• American Vampire: Lord of Nightmares #4 dwells on Hobbes, Felicia, her son Gus, and the secret vampire organization called “The Firsts” escaping their stronghold when an army of Carpathians descends upon it.  The Firsts represent the last members of vampiric species nearly wiped out by the king of the Carpathian breed, Dracula, while he was still active.  The leader, Benedict, believes that the Carpathian attack was a ploy by Hobbes to trick the Firsts into complacency with his plan to attack Dracula’s coffin.  Hobbes attempts to prove that Dracula is making his play against them to solidify his position now that he has been awakened.  This issue did two things very well: exploring the history of the very enigmatic character of Linden Hobbes, and how he became involved with the Vassals of the Mornings Star, and introducing a plot that is the closest thing to a vampiric doomsday scenario, dependent upon Dracula reaching a device built by his followers called the “second throne.”  Once again, Scott Snyder has taken his concept of American Vampire and cranked it up to 11.  The miniseries ends next month with the fifth issue and I am on pins and needles.
  • Saucer Country #7 follows its previous issue in a very similar fashion.  As I reviewed one month ago, issue #6 was Prof. Kidd detailing the history of the Alien phenomenon and what the human mind constructed the occurrences into.  It read very much like a History Channel special, giving empirical information such as dates, people, places, and scientific fact that spawned the theories we have read or heard about. In a previous issue we were introduced to the Bluebirds, a secret society that studies and attempts to mimic UFO flight technology and engineering.  This issue is narrated by one of these people and does exactly what issue #6 did.  It takes the real life encounters with the unexplained and shows how that influenced different aspects of the government, research, and historic events.  A true part of the story was the use of the term “Foo Fighters” to describe UFO’s before they were associated with extraterrestrials.  The path from their first mention in WWII through the decades to the eventual use of flying wing technology and gyroscopic flight, takes the reader on a journey that sets up another key facet of this series’ very complex premise.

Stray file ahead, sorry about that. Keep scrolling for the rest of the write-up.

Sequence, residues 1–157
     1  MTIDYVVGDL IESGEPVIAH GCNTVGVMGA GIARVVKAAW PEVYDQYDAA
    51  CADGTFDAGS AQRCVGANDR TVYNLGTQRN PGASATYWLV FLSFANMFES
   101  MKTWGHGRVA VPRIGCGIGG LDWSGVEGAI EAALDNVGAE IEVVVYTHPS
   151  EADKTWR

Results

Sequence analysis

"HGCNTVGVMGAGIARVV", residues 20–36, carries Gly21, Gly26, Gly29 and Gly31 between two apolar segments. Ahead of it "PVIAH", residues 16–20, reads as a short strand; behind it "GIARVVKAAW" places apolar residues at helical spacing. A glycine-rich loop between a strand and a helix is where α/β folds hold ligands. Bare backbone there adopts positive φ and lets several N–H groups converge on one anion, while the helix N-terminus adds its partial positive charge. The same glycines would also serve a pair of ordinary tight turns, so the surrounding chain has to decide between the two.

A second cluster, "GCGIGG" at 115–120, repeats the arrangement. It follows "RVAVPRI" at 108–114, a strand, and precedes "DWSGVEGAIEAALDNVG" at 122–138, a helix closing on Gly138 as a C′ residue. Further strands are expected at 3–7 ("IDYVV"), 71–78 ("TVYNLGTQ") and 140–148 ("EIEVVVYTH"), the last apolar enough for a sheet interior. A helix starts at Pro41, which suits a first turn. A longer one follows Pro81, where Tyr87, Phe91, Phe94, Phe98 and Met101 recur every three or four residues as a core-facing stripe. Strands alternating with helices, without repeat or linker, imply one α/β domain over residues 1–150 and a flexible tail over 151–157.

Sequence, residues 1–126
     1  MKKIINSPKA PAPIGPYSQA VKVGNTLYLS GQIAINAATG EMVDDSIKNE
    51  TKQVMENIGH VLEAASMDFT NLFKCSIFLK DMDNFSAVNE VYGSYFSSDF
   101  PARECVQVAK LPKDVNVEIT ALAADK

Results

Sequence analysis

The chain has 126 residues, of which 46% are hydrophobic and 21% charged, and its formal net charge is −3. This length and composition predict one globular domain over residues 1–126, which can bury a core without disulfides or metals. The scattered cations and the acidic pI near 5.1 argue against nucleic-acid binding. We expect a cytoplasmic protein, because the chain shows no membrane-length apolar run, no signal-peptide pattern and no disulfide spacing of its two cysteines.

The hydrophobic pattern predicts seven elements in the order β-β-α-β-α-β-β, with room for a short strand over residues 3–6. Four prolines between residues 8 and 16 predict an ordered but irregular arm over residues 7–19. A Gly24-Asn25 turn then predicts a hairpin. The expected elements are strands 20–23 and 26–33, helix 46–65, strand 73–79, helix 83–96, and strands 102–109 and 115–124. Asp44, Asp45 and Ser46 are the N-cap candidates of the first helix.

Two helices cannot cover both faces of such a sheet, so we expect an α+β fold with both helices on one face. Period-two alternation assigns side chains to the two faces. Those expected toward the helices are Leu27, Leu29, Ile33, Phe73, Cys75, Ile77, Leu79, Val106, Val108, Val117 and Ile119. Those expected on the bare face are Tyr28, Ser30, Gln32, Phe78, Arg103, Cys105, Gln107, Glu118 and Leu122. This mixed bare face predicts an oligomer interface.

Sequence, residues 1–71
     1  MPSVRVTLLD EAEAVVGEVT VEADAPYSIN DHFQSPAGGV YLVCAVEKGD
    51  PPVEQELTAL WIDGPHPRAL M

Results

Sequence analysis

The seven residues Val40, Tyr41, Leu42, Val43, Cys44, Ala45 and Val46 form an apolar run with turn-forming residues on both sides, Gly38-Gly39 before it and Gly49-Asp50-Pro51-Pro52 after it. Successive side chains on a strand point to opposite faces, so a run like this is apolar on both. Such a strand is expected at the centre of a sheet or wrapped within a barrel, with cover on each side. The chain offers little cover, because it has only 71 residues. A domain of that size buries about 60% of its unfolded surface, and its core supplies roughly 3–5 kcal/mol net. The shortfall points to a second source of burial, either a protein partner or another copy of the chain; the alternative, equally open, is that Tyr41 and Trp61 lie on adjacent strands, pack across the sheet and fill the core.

• Warlord of Mars #21 begins the five part story arc that encompasses the third book in Edgar Rice Burroughs original Barsoom Trilogy, that also bears the title of this comic: “The Warlord of Mars.”  In it, after John Carter has liberated the black “First Borns”, and all of Mars for that matter, from the ancient despotic goddess, Issus, his wife, Princess Dejah Thoris becomes trapped in a time locked chamber in the  Temple of Issus with Thuvia of Ptarth, a Red noblewoman, and Princess Phaidor of the Therns.  While he awaits the end of the year for her emancipation he overhears a plot by the rogue First Born, Thurid, and Hekkador of the Therns, Matai Shang, to break into the chamber by secret means to free Shang’s daughter, Phaidor, and abduct Dejah Thoris.  John Carter works to stop this, but is unable, setting up the plot for the next four issues.  This was an excellent novel and so far writer Arvid Nelson has set the comic adaptations up spectacularly.  I doubt this will be an exception to the rule.

And so ends Week 2 of Zero Month.  I have to say that I was blown away by some of these titles.  The DC Reboot has left some holes in the various titles, but slowly this month’s issues are patching them up.  Can’t wait till next week.  See ya then . . .

Disclaimer: I do not own the rights to any of these images and give credit to those whose work they are.

Illustration Credits:

Batman #0: Art by Andy Clarke, Colored by FCO Plascencia

Batman & Robin #0: Drawn by Patrick Gleason, Colored by John Kalisz, Inked by Mick Gray

Batgirl #0: Art by Ed Benes, Colored by Ulises Arreola

Deathstroke #0: Drawn by Rob Liefeld, Colored by Juan Fernandez & Ross Hughes, Inked by Adelso Corona, Cory Hamscher & Art Thibert

Superboy #0: Drawn by R.B. Silva, Colored by Tanya & Richard Horie & Hi-Fi, Inked by Rob Lean

The Ravagers #0:  Art by Ian Churchill & Norm Rapmund, Colored by Hi-Fi